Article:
In light of the current financial crisis, all faculties, schools and administrative units at the University of Manitoba have been asked to curb discretionary spending.
“The university is facing significant challenges with its budget and will see a $36.4 million shortfall in 2010,” said U of M President David Barnard at a town-hall meeting held Oct. 15.
The budgetary shortfall at the U of M has come at the same time the decade-long tuition freeze has been lifted.
“The lifting of the tuition freeze has not had a significant impact on the university’s finances,” explained university spokesperson, John Danakas.
Each year, the U of M receives a sum of money, known as a base grant, per standard student
from the provincial government. The number of standard students is calculated by dividing the total credit hours taught at the university by a full course load of 30 credit hours.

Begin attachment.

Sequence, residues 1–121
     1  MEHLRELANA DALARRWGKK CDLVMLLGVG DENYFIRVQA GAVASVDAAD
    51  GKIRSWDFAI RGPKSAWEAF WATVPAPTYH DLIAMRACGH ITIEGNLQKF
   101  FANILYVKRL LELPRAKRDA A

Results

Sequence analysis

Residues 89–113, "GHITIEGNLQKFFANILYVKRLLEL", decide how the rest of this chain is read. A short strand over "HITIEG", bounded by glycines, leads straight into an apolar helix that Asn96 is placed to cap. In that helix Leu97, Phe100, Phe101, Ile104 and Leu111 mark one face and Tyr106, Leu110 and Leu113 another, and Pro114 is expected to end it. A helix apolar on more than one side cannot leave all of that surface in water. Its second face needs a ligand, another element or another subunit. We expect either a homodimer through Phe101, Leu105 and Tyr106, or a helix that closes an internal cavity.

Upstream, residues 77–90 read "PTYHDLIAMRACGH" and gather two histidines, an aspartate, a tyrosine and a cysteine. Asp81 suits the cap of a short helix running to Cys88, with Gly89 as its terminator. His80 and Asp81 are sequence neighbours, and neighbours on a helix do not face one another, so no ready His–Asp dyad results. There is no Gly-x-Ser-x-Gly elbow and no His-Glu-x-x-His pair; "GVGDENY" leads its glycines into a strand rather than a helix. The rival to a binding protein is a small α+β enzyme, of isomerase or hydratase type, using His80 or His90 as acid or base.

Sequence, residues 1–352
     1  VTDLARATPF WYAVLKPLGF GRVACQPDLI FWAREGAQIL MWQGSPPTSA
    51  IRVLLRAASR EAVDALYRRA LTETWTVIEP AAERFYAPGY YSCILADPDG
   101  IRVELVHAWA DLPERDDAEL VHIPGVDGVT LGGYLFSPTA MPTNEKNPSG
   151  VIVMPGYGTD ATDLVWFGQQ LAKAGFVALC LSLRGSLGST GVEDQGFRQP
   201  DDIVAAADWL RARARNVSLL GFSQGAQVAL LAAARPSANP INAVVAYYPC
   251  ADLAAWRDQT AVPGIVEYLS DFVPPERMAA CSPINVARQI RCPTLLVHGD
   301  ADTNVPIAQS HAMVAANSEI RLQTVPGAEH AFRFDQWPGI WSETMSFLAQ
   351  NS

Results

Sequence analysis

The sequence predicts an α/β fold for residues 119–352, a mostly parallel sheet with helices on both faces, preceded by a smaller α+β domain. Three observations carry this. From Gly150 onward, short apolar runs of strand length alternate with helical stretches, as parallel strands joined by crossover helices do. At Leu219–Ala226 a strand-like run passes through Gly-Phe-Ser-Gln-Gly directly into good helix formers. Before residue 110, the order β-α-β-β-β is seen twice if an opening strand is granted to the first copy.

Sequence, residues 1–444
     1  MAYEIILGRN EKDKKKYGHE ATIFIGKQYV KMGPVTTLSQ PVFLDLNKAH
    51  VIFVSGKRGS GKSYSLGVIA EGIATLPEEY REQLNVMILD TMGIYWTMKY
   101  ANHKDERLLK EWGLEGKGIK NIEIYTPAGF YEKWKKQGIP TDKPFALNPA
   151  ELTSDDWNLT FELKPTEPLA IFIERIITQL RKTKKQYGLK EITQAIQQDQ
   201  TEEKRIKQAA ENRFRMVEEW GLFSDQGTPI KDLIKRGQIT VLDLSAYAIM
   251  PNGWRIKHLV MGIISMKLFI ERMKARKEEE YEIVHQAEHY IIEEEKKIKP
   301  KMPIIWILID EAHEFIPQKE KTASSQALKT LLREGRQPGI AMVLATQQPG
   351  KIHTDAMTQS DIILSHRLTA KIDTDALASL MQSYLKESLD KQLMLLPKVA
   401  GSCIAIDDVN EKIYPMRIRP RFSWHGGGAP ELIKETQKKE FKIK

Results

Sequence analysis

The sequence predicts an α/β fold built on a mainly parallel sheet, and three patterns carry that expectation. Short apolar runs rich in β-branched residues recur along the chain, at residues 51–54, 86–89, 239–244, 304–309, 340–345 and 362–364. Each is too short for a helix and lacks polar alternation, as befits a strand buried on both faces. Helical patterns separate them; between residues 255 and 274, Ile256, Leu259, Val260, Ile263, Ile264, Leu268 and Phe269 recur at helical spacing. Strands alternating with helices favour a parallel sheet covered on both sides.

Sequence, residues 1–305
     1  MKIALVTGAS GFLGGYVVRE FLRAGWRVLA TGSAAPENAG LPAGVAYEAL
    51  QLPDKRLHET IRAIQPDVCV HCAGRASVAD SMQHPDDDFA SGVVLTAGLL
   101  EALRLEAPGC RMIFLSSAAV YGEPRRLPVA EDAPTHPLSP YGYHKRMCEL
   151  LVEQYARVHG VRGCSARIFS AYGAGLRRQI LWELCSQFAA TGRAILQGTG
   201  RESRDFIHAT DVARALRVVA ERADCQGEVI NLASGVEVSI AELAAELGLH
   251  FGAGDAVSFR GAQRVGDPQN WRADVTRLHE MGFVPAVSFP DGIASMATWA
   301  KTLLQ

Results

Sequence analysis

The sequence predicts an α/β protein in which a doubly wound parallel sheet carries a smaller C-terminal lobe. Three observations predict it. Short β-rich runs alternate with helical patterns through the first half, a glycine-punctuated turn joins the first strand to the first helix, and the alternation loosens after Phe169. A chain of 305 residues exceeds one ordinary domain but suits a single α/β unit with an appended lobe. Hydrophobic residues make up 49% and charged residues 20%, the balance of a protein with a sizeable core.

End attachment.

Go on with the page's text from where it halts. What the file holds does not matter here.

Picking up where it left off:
For the 2008-09 school year, the U of M received $13,072 from the provincial government per standard student.
“The university will receive a 4.5 per cent increase on base grants for the 2009-10 school year,” continued Danakas. “With the lifting of the tuition freeze, base tuition increases of 4.5 per cent have also been permitted.”
Currently, 62 per cent of the expenditures at U of M pay for class instruction and non-sponsored research. The next-largest expense for the university, at almost 11 per cent of the budget, is the operation of the physical plant department.
Physical plant is responsible for the maintenance of the Fort Garry and Bannatyne campuses, as well as the Glenlea, Delta Marsh and Star Lake research stations, and the President’s residence.
It was recently announced that the Delta Marsh Research Station would be closed from Nov. 30 of this year, to May of 2010, in an effort to control costs.
One of the university’s next-largest areas of spending is on administration, a function scrutinized at any institution.
“The U of M currently ranks third amongst all Canadian medical doctoral institutions when it comes to administrative spending,” said Joanne Dyer, the university’s budget officer.
“We presently commit 6.4 per cent of our expenditures towards administration, which ranks us as third-lowest in the country in terms of the proportion of our budget committed to administration.”